Understand areas of your lives you will like to improve on, you may be experiencing problem in those areas of your life because of particular unhealthy behaviours you exhibit. Then you need to identify some of your behaviors that are not productive nor healthy, then pay attention to replacing such unproductive behaviors with healthy and productive ones. For instance, if you find yourself getting overly emotional; angry or sad, and you also don't seem to perform well socially, spiritually and or academically. You may firstly need to gain insight into psychological factors such as your perception, emotional regulation etc. When you focus on alleviating your maladaptive psychological constructs (cognitions, emotions, attitudes etc.) your behaviours become more constructive and productive. You will then begin to experience conspicuous positive changes in your life.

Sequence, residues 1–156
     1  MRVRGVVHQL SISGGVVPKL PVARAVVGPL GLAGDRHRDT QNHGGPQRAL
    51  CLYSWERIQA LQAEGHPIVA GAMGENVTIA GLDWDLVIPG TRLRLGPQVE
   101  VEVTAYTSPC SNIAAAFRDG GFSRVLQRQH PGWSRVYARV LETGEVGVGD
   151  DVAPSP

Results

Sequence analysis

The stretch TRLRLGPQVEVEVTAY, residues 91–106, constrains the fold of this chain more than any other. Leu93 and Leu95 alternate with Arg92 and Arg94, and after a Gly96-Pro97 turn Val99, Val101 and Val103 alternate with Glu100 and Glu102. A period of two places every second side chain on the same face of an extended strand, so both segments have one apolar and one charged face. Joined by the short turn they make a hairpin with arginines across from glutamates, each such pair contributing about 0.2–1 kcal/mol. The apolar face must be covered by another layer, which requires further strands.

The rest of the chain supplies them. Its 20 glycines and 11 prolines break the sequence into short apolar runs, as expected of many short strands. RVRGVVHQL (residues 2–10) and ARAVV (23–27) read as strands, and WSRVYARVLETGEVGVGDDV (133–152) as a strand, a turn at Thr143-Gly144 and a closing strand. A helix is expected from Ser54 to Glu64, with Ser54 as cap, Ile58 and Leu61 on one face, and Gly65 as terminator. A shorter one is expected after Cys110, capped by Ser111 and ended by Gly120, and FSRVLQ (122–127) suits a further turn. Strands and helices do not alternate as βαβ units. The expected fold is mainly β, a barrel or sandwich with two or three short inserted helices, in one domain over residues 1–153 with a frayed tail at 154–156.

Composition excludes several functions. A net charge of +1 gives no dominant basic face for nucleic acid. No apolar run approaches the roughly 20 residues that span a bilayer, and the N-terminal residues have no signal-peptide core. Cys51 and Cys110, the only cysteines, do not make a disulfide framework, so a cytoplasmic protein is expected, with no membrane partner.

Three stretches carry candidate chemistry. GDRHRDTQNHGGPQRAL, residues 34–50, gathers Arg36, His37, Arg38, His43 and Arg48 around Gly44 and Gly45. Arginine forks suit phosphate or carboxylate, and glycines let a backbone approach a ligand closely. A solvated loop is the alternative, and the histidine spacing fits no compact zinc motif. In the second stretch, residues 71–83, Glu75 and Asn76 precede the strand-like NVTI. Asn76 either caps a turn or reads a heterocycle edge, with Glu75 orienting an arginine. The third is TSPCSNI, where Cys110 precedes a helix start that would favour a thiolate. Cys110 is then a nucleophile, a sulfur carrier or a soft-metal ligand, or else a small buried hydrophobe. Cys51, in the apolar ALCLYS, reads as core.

References

    Drew, H., (2018). Locus of Control.Tutor2U Psychology. Retrieved from: https://www.tutor2u.net/psychology/reference/locus-of-control

    Jay, B., & Darwin E., (1979). Psychology Today; An Introduction. United States of America.

    Robin, S., & Stephen M., (2011). Abnormal Psychology. New York